United States District Court, N.D. Texas, Dallas Division
MEMORANDUM OPINION AND ORDER
C. GODBEY, UNITED STATES DISTRICT JUDGE
Order addresses Defendant Skyline USA, Inc.'s
(“Skyline”) motion for partial summary judgment
of noninfringement  and Super-Sparkly Safety Stuff,
LLC's (“Super-Sparkly”) motion for extension
of time to respond to the motion for partial summary judgment
(“motion for extension”) . For the reasons
below, the Court voids the Order  that mooted
Super-Sparkly's motion for extension but denies
Super-Sparkly's motion. The Court grants Skyline's
motion for partial summary judgment.
The Patent Infringement Dispute
a design patent infringement action between two companies
specializing in self-defense products. Super-Sparkly, a
manufacturer and distributer of personal protection devices,
filed suit against Skyline, an importer and seller that
distributes security products to individuals and third-party
sellers. Complaint 2-3, 6 . Super-Sparkly's complaint
states two claims against Skyline. Super-Sparkly alleges
Skyline's “Bling it On” pepper spray, a
pepper spray cannister featuring rhinestones, both infringed
and induced infringement of Super-Sparkly's design patent
for “Bling Sting” pepper spray, a
rhinestone-covered pepper spray cannister. Id. at
3-4, 8-9. While Super-Sparkly states that it has two patents
for a rhinestone-covered pepper spray cannister, the USD731,
172S (‘172S) and USD696, 857S (‘857S) patents, it
alleges infringement of only the ‘172S patent.
Id. at 3-4. Skyline now seeks summary judgment on
Super-Sparkly's claim of infringement of the ‘172S
“shall grant summary judgment if the movant shows that
there is no genuine dispute as to any material fact and the
movant is entitled to judgment as a matter of law.”
Fed.R.Civ.P. 56(a); Anderson v. Liberty Lobby, Inc.,
477 U.S. 242, 247 (1986). In making this determination,
courts must view all evidence and draw all reasonable
inferences in the light most favorable to the party opposing
the motion. United States v. Diebold, Inc., 369 U.S.
654, 655 (1962).
moving party bears the initial burden of informing the court
of the basis for its belief that there is no genuine issue
for trial. Celotex Corp. v. Catrett, 477 U.S. 317,
323 (1986). Once the movant has made the required showing,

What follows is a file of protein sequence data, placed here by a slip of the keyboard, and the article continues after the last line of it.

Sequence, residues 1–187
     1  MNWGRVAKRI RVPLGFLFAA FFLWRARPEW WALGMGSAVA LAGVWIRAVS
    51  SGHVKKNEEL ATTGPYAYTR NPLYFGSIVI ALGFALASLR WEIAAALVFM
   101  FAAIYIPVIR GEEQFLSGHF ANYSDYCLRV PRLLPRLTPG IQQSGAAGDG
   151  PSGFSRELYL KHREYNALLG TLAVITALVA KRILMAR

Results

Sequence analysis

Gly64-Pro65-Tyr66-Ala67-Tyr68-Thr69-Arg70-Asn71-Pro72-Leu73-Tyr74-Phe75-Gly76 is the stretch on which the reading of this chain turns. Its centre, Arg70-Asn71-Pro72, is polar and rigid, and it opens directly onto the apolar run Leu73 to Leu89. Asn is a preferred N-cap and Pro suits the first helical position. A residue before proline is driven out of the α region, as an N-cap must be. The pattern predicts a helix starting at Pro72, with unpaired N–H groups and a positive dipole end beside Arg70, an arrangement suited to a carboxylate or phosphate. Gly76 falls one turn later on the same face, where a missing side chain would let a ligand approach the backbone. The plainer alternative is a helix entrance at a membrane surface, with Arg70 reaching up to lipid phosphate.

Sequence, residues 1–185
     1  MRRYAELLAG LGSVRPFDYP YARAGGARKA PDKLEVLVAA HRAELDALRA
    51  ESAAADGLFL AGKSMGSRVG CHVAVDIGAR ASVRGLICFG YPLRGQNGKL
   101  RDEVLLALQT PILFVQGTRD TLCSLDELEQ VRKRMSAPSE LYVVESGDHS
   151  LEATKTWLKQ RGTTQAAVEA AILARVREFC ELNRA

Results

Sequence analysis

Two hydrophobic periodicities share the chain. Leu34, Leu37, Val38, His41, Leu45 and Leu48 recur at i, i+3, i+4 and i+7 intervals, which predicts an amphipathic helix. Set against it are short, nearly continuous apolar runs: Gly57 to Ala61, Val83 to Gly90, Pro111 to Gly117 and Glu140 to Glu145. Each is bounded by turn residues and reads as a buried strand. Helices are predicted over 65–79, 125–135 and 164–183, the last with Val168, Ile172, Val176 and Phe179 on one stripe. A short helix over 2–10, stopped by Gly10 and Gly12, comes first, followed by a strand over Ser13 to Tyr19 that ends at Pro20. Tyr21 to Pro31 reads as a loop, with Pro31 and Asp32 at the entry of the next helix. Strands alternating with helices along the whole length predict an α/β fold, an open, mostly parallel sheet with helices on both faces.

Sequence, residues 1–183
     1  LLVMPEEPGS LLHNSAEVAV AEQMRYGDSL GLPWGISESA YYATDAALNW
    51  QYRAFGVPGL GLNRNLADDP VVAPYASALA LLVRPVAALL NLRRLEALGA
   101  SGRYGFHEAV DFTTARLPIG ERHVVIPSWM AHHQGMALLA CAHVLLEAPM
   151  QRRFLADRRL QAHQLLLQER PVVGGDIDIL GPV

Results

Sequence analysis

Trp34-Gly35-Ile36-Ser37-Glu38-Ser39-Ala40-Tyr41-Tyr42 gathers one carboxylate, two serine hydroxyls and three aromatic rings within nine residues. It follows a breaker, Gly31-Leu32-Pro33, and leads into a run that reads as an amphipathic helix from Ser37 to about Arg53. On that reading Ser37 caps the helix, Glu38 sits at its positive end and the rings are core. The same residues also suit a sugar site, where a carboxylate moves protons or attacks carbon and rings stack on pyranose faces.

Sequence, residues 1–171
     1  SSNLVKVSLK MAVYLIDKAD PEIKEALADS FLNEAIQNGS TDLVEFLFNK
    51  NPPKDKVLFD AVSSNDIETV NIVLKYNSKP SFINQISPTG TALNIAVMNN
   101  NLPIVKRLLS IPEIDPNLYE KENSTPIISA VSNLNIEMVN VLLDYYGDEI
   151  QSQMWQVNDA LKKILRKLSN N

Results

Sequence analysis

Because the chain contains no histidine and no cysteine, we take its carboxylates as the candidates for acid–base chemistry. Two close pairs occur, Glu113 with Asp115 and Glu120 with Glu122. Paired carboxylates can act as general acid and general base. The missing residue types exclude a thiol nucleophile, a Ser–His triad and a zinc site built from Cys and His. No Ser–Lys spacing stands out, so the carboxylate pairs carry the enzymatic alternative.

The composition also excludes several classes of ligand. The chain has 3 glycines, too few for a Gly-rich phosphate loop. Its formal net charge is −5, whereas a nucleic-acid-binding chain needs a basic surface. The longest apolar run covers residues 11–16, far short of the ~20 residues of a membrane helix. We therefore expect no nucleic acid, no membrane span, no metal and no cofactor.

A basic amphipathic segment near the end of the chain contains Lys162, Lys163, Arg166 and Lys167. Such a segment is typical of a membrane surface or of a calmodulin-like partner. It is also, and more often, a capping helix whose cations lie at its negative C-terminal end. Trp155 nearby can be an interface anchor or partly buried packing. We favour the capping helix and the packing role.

the burden shifts to the nonmovant to establish that there is
a genuine issue of material fact such that a reasonable jury
might return a verdict in its favor. Matsushita Elec.
Indus. Co. v. Zenith Radio Corp., 475 U.S. 574, 586-87
(1986). Factual controversies are resolved in favor of the
nonmoving party “‘only when an actual controversy
exists, that is, when both parties have submitted evidence of
contradictory facts.'” Olabisiomotosho v. City
of Houston, 185 F.3d 521, 525 (5th Cir. 1999) (quoting
McCallum Highlands, Ltd. v. Washington Capital Dus,
Inc., 66 F.3d 89, 92 (5th Cir. 1995)).
Design Patent Infringement
design patent is infringed if an ordinary observer, when
comparing the two designs in context of the prior art, would
think that the accused design is substantially the same as
the patented design. Egyptian Goddess, Inc. v. Swisa,
Inc., 543 F.3d 665, 678 (Fed. Cir. 2008) (en
banc). The test considers “both the perspective of
the ordinary observer and the particular novelty in the
claimed design.” Id. at 671. When the claimed
and accused designs are “sufficiently distinct”
and “plainly dissimilar, ” there is no design
patent infringement. Id. at 678. If the patented and
accused products are not plainly dissimilar, the ordinary
observer test turns to “a comparison of the claimed and
accused designs with the prior art” to determine
whether there is infringement. Id. But “minor
differences between a patented design and an accused
article's design cannot, and shall not, prevent a finding
of infringement.” Crocs, Inc. v. Int'l Trade
Comm'n, 598 F.3d 1294, 1303 (Fed. Cir. 2010)
(internal quotation marks omitted)).
The Court Denies Super-Sparkly's Motion for
seeking an extension to obtain discovery must show the court
“why [it] needs additional discovery and how the
additional discovery will create a genuine issue of material
fact.” Stults v. Conoco, Inc., 76 F.3d 651,
658 (5th Cir. 1996) (internal quotation marks omitted).
Super-Sparkly has not satisfied its burden to explain how
further discovery would raise material facts relevant to the
issue of noninfringement.
motion for partial summary judgment of noninfringement is
based on the physical appearances of the claimed and accused
product designs. Evidence relevant to these arguments,
including images and descriptions of the designs in question,
has been submitted. See Def.'s Appx. .
Super-Sparkly has not specified how additional discovery
would raise material new facts and merely states that it
needs to take depositions. Pltf.'s Brief Support Resp.
2-3 . This is insufficient to warrant an extension.
Washington v. Allstate Ins. Co., 901 F.2d 1281, 1285
(5th Cir. 1990) (“The nonmovant may not simply rely on
vague assertions that discovery will produce needed, but
unspecified, facts.”). The Court thus denies
Super-Sparkly's motion for extension of time to respond
to Skyline's partial summary judgment motion and voids
its prior Order .
The Court Grants Skyline's Motion for Partial Summary